About this report
Tasmania’s 19 national parks cover 1.5 million hectares and are renowned worldwide for their spectacular landscapes and diversity of unspoiled habitats and ecosystems . They attract over 800 000 visitors annually with this number expected to further increase in the future . The parks contain iconic attractions such as Wineglass Bay, the Overland track and Cradle Mountain. Tasmania’s tourism strategy recognises the value of these natural assets as fundamental to the tourism industry and a core appeal for visitors from interstate and overseas .
The Tasmanian Parks and Wildlife Service (PWS) — a division of the Department of Primary Industries, Parks, Water and Environment (DPIPWE) — manages Tasmania’s reserves. Reserves are declared under the Nature Conservation Act 2002 that sets out the values and purposes of each reserve class and managed under the National Parks and Reserves Management Act 2002.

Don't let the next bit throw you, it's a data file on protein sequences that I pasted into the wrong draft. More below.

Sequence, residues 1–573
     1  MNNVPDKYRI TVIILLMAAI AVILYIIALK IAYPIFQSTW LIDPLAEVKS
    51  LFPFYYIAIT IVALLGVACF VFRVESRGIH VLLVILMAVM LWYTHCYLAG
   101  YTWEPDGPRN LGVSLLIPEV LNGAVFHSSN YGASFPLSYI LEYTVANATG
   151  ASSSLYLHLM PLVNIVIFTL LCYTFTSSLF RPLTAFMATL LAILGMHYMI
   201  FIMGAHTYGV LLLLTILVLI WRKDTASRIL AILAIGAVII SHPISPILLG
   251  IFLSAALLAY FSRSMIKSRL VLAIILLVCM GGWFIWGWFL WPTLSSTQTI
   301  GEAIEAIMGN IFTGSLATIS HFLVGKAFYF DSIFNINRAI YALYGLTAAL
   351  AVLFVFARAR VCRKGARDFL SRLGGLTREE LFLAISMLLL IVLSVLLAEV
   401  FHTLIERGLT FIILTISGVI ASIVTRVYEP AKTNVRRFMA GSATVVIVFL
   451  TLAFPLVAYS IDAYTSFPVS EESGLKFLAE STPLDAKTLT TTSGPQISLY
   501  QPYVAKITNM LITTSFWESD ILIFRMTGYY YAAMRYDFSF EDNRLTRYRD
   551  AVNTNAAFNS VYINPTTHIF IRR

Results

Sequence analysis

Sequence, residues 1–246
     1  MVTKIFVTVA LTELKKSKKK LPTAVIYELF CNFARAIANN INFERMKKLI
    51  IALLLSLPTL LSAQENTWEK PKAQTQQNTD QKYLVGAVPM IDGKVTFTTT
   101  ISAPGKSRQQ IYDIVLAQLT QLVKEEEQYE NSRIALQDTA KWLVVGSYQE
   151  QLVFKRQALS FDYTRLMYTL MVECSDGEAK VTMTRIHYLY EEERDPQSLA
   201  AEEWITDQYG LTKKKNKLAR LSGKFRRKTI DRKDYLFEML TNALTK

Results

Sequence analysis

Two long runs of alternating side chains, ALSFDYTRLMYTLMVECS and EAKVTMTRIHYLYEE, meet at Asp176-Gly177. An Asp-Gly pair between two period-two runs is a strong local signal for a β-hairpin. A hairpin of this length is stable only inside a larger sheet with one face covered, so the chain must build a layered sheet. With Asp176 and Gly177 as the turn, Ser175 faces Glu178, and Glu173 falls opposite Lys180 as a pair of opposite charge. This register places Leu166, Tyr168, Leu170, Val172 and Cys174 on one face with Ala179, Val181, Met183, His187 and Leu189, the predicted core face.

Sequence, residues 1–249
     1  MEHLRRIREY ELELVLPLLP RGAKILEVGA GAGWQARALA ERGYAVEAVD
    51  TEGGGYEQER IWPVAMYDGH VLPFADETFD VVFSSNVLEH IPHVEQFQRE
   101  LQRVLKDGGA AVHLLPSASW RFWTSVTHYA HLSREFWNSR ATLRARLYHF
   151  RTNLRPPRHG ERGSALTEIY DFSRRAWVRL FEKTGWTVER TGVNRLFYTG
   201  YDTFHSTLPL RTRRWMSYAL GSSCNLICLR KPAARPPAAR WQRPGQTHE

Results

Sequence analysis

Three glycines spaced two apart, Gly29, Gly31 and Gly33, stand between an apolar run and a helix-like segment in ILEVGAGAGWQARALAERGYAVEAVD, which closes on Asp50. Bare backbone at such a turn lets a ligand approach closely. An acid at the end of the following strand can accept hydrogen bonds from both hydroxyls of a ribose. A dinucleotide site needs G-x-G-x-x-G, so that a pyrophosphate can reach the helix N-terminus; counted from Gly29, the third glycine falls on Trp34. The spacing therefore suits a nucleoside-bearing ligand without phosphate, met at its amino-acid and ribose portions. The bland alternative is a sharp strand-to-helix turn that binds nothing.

To achieve this, PWS undertakes a range of activities, including:
- track and hut construction and maintenance
- management of fire, pests, weeds and diseases (PWDs)
- visitor services.
To guide these activities PWS prepares both statutory plans (e.g. park management plans) and non–statutory plans (e.g. business plans, development plans and site plans).
The objective of the audit was to form an opinion on how effectively PWS manages the state’s national parks by reference to the adequacy of:
- planning processes
- plan implementation.
The audit assessed performance of PWS, a division of DPIPWE, over the period 2010–15.
The audit scope included national parks, but largely excluded other parks and reserves. Categories of parks and reserves are outlined in Appendix 1.
Where audit testing was performed, it was limited to the following sample of national parks:
- Ben Lomond
- Cradle Mountain – Lake St Clair
- Maria Island
- Mount Field
- Savage River
- Franklin-Gordon Wild Rivers.